Ralph Nader presidential campaign, 1996

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Ralph Nader for President 1996
Ralph Nader 1996 presidential campaign logo.jpg
Campaign U.S. presidential election, 1996
Candidate Ralph Nader
Founder of Public Citizen and
progressive activist
Affiliation Green candidate
Status Lost election
Headquarters Washington, DC
Key people Winona LaDuke
(Running mate)
Website
http://www.vais.net/~nader96/index.html

The 1996 presidential campaign of Ralph Nader, consumer advocate and political activist, began after he was drafted as a candidate for President of the United States on the Green Party ticket during the 1996 presidential election. Nader was not formally nominated by the national party or the Green Party USA organization, which was, at the time, the largest national Green group; instead he was nominated independently by various state Green parties. In some states, he appeared on the ballot as an independent.

Background[edit]

Although Nader was not formally nominated by the national Green Party, a significant number of the party's members and supporters backed his presidential bid. Several of them actively campaigned for him. Nader qualified for ballot status in 22 states,[1] garnering 685,297 votes or 0.71% of the popular vote (fourth place overall),[2] although the effort did make significant organizational gains for the party. He refused to raise or spend more than $5,000 on his campaign, presumably to avoid meeting the threshold for Federal Elections Commission reporting requirements; the unofficial Draft Nader committee could (and did) spend more than that, but the committee was legally prevented from coordinating in any way with Nader himself.

Criticism[edit]

Nader received some criticism from gay rights supporters for calling gay rights "gonad politics" and stating that he was not interested in dealing with such matters.[3] However, more recently, Nader has come out in support of same-sex marriage.[4]

Running mates[edit]

Instead of Nader having one running mate on all ballots on which he appeared, the women's caucus of the Green Party decided that a slate of women would run who would act as a cabinet of advisers for his campaign.[5] Nader's multiple running mates included: Anne Goeke (14 states),[6] Deborah Howes (Oregon), Muriel Tillinghast (New York),[7] Krista Paradise (Colorado), Madelyn Hoffman (New Jersey), Bill Boteler (Washington, D.C.), and Winona LaDuke (California and Texas).[8] However most political election websites dispute this and have LaDuke as his running mate in most of the states he ran in.[citation needed]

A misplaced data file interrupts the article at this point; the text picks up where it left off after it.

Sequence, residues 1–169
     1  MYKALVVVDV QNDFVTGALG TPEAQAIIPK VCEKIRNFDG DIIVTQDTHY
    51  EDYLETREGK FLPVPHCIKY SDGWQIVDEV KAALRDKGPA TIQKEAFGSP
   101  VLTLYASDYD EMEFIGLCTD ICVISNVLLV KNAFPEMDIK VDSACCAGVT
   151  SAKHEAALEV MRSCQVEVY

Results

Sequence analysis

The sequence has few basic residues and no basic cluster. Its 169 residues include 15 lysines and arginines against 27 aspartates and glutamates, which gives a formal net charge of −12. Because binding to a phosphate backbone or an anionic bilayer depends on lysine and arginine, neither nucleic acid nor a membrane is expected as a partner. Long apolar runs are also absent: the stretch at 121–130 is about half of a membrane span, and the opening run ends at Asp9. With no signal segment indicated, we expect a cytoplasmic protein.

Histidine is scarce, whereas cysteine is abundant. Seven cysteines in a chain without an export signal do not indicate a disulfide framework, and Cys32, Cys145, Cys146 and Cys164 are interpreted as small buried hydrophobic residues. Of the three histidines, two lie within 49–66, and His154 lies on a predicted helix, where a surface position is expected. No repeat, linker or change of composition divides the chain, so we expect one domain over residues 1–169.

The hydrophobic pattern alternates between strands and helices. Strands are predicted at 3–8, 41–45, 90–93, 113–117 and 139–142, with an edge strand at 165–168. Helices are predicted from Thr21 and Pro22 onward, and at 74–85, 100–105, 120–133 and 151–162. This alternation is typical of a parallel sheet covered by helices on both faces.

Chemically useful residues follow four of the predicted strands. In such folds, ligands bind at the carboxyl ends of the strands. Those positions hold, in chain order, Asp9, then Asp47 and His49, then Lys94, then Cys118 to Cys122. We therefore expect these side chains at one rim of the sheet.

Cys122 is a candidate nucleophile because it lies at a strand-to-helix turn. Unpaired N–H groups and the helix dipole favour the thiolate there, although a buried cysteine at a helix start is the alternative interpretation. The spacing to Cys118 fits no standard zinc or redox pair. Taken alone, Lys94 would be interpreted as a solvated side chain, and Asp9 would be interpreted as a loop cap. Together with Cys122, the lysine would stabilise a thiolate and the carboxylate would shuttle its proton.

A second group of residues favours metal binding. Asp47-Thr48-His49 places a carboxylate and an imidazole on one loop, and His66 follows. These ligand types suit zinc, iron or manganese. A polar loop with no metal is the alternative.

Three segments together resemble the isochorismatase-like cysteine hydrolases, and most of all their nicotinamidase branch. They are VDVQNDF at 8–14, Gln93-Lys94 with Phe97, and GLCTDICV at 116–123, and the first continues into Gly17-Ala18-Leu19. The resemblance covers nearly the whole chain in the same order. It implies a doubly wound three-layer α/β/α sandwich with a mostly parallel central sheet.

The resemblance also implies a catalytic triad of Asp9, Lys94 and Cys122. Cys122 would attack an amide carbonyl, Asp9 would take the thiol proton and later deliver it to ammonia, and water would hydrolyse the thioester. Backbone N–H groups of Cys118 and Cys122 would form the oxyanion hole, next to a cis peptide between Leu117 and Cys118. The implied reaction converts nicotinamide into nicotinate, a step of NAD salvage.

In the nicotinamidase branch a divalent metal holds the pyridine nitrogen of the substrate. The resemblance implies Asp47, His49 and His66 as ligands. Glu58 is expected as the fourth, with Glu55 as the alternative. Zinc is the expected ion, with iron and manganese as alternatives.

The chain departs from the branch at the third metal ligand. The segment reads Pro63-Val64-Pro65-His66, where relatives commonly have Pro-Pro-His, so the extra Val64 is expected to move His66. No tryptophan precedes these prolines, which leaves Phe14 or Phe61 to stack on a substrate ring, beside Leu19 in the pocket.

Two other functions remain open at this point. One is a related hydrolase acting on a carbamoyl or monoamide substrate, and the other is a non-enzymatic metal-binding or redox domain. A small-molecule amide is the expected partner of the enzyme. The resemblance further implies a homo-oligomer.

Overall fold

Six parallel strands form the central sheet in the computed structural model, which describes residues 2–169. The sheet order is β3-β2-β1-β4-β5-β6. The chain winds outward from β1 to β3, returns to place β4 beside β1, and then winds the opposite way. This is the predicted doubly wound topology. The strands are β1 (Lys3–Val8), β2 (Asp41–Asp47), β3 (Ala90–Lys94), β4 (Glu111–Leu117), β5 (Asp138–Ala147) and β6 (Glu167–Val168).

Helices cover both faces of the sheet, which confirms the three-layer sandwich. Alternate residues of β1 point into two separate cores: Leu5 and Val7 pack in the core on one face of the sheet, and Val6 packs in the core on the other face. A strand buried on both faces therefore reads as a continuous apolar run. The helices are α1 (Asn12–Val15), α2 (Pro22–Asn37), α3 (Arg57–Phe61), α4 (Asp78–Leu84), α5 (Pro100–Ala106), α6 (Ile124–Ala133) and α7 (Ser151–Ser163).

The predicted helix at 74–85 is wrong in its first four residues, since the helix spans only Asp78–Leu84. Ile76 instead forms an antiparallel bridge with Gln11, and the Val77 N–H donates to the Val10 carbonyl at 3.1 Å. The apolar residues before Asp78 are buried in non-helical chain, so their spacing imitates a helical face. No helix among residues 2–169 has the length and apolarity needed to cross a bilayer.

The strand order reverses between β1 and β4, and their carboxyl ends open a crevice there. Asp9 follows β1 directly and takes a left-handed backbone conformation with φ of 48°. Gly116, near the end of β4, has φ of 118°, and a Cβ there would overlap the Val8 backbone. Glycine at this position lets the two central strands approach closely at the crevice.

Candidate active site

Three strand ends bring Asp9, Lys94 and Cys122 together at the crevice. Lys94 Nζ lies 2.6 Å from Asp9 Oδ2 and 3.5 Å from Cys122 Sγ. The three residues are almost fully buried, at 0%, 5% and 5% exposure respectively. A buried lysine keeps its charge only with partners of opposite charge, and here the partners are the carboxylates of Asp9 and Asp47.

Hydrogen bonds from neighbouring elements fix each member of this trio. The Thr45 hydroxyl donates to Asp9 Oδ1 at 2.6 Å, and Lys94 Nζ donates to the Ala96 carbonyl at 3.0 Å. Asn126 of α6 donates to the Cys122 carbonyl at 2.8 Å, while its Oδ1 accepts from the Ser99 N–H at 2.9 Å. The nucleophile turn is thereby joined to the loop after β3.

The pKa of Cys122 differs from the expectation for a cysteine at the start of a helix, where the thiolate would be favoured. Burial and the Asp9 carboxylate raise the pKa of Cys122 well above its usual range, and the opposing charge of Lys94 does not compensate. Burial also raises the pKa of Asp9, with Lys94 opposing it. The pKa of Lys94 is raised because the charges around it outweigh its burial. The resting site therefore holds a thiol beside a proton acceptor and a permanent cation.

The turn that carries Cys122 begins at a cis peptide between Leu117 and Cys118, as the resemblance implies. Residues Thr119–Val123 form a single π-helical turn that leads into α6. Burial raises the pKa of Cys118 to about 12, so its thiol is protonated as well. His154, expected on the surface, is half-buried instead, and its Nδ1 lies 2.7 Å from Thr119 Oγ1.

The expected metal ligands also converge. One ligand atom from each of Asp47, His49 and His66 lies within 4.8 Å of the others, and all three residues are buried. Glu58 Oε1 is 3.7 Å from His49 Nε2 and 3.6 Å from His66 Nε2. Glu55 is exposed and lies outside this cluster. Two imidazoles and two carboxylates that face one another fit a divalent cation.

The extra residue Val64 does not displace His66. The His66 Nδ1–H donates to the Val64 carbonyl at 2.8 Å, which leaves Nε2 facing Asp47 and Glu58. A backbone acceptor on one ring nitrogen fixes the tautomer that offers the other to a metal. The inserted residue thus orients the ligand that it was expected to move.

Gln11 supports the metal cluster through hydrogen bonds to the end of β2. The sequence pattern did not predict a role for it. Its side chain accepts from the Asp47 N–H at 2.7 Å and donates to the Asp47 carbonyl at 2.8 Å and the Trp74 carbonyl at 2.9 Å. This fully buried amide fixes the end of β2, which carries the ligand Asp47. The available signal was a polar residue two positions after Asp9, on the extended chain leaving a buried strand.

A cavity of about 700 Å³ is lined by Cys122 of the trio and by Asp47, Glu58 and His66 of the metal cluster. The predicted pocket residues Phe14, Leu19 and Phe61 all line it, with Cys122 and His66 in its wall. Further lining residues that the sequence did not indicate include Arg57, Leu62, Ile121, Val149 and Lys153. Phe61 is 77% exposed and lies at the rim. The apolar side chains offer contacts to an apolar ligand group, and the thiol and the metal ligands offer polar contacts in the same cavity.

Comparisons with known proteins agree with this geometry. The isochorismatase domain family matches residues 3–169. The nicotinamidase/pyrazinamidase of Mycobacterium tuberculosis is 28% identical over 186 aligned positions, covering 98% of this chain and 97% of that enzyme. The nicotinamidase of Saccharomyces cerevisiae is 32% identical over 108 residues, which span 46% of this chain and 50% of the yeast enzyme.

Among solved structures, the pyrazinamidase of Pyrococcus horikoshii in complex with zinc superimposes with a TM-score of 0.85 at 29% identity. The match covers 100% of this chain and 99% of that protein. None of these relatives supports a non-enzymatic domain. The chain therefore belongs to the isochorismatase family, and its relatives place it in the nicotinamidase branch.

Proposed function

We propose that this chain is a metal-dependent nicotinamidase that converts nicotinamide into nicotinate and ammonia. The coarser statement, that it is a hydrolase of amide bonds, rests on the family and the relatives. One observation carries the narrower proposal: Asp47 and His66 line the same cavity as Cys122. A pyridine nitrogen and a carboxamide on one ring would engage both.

Ballot access[edit]

Unable to get ballot access in all 50 states, Nader ultimately attained ballot status in 22 states.[9]

Events[edit]

A long term Green catch-phrase came out of the 1996 nominating convention. During Nader's acceptance speech the crowd started to chant "Go Ralph Go!" to which Nader, appearing uncomfortable, gestured for silence and said "the intonation should be 'Go we Go'." The crowd obliged and the phrase "gowego" became a part of Green history.[10]

References[edit]

  1. ^ "Politics1.com". Politics1.com. 1934-02-27. Archived from the original on March 16, 2008. Retrieved 2010-05-24. 
  2. ^ "Uselectionatlas.org". Uselectionatlas.org. Retrieved 2010-05-24. 
  3. ^ "Leftbusinessobserver.com". Leftbusinessobserver.com. 1984-06-28. Retrieved 2010-05-24. 
  4. ^ "Votenader.org". Votenader.org. 2001-09-11. Retrieved 2010-05-24. 
  5. ^ Ecological Politics: Ecofeminists and the Greens By Greta Gaard, page 241.
  6. ^ Ecofeminism and Globalization: Exploring Culture, Context, and Religion edited by Heather Eaton, Lois Ann Lorentzen page 229.
  7. ^ Newspaper article about candidate
  8. ^ Ecological Politics: Ecofeminists and the Greens By Greta Gaard, page 240.
  9. ^ Diane Hirth, Tallahassee Bureau (1996-07-02). "Lack of Signatures Keeps Nader's Name off Ballots in Florida - tribunedigital-orlandosentinel". Articles.orlandosentinel.com. Retrieved 2016-08-17. 
  10. ^ Ecological Politics: Ecofeminists and the Greens By Greta Gaard, page 241